Emeline Boehringer - Girls Gone Great Recipient 2017


My foray into the world of zines, art, and activism began more than two years ago during the summer of 2014. That summer a friend of mine, armed with the explosive words of feminist activist Kathleen Hanna, recruited me to contribute to the first issue of a publication that would come to dominate my life—Beast Grrl Zine. A zine, first and foremost, is a type of small magazine that was important at the time of third wave feminism. Activists like Kathleen Hanna used zines as a platform for their feminist proclamations. Perhaps the most powerful part of zines and zine-making is the do-it-yourself spirit imbued in the idea that publication can lend ideas a tangible power and legitimacy.

Beast Grrl Zine started off innocuously enough, a small booklet made by a group of girls energized by the lack of feminist organizations for teens in Baltimore City. Since then, as a co-editor of Beast Grrl Zine and now co-founder of Beast Grrl Collective, I have edited 10 issues of feminist writings and helped to organize countless community events aimed at bringing zines and young women to the forefront of DIY and art spaces in Baltimore. As a founding member of the Collective, I have organized an Intersectional Feminism Workshop with Baltimore’s Monument Quilt Project, which aims to support survivors of rape and sexual assault. I have also worked with Hollaback Baltimore, an anti-street harassment organization, to organize an event held in a community bookstore to educate young women about street harassment. With the other girls who work within the Collective, I have hosted various zine-making workshops at Baltimore’s DIY Fest, the North Avenue Knowledge Exchange, the Baltimore Youth Initiative High School, and the Baltimore School for the Arts. This past December, the other two co-editors and I conducted an eight-session workshop with the Baltimore Office of Promotion in the Arts during which we taught a group of middle school girls about female artists and female art collectives. I have watched Beast Grrl Collective grow into a youth-run, grant-funded organization that creates real change in my community.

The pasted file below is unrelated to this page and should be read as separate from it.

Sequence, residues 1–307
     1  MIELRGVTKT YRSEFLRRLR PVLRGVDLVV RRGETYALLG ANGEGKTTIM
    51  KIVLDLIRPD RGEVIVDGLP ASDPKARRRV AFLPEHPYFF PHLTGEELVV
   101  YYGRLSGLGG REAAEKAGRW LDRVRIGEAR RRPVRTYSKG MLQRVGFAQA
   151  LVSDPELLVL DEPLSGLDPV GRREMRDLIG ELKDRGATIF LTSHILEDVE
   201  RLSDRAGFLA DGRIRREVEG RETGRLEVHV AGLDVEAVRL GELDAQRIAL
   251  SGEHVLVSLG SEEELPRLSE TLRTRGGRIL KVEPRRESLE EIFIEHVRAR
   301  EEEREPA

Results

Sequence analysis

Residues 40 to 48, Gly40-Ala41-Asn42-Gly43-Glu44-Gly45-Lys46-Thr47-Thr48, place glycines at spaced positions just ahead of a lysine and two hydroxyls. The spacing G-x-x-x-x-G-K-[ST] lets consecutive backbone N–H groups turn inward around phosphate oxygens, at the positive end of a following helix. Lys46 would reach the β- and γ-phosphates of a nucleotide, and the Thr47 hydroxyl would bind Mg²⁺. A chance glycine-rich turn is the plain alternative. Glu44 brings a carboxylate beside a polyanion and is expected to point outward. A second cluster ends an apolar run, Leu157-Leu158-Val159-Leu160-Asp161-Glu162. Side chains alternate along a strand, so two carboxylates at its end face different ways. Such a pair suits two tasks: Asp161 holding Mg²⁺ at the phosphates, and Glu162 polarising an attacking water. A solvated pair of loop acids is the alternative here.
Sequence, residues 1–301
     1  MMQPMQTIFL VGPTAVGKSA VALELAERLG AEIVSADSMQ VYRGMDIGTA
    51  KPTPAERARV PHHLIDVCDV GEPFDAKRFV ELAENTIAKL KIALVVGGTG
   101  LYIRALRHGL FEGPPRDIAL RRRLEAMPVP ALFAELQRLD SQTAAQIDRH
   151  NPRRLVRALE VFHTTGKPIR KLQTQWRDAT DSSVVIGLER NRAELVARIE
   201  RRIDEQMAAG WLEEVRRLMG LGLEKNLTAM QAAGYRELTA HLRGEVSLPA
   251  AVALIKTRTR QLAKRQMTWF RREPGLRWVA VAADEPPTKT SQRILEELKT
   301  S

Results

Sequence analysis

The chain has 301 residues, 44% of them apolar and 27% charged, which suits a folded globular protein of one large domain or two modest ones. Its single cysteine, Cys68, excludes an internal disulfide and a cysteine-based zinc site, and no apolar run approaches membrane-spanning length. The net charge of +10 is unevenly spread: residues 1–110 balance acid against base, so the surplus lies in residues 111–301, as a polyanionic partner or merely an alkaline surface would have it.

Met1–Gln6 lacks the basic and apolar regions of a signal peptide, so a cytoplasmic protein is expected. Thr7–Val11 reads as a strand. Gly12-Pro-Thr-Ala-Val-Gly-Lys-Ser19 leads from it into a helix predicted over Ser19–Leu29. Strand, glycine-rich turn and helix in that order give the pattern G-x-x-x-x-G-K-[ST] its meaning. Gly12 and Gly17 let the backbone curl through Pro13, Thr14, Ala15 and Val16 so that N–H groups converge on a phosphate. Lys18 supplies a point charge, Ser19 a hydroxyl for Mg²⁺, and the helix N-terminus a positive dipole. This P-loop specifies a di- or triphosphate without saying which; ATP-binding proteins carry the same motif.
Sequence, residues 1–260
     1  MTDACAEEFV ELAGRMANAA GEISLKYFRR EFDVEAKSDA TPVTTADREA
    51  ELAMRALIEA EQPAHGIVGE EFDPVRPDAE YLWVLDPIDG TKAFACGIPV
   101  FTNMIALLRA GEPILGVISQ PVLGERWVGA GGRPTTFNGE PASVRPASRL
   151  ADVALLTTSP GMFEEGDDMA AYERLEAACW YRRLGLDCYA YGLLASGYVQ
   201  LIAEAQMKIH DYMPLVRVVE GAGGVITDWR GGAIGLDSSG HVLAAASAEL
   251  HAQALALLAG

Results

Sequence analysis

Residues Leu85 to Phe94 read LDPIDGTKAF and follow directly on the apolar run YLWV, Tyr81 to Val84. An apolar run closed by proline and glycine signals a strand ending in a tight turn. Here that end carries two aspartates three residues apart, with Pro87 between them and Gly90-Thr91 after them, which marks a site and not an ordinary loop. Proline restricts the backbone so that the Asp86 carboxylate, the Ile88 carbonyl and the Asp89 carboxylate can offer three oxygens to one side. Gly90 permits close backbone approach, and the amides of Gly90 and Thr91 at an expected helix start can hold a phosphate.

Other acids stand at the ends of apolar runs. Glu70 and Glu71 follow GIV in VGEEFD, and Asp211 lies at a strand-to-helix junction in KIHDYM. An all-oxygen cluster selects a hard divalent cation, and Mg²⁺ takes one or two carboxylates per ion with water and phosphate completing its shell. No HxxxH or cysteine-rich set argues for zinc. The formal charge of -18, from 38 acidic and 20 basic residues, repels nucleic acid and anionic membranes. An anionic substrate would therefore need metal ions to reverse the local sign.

Although there are many art spaces and communities in Baltimore, very few of those organize events that promote feminism in art, and even fewer are open to high school students. By publishing the work of young women in Baltimore and promoting that work and youth activism in general, I hope to create spaces that include and support the voices of young feminists. My work both producing the zine and organizing community events has created a community of its own. I have found a group of like-minded young women with whom I can talk about my ideas and goals as an artist and as a community member. As a young woman, I am all too familiar with the lack of attention given to my opinions and the opinions of other women, especially when politicized through the lens of feminism. Beast Grrl Collective is an important project because it lets me amplify my voice and the voices of others in a world where such voices are not always heard. Through this project, I can make a positive impact in the communities in Baltimore that have shaped me.

In a perfect world, every voice would be recognized as valuable and important. I envision a future Baltimore that creates inclusive spaces to address issues that young women face. Beast Grrl Collective has been my way of being an active member of my community, but it is one small part of the change that needs to happen in Baltimore. There are challenges in this city that face not only female communities but also black communities, queer communities, and communities of other marginalized individuals. In these last few years, Baltimore has experienced some major traumas. There is no one solution to the systemic issues that plague Baltimore. Rather, the solution will come from the sustained work of many organizations powered by members of the communities that they aim to serve. This work is hard, and it demands the time and energy of every community member dedicated to a brighter future. This vision might be a long way off, but Beast Grrl Collective and its publication Beast Grrl Zine have been my way of contributing to what I envision as a Baltimore well-equipped to tackle the issues it faces today.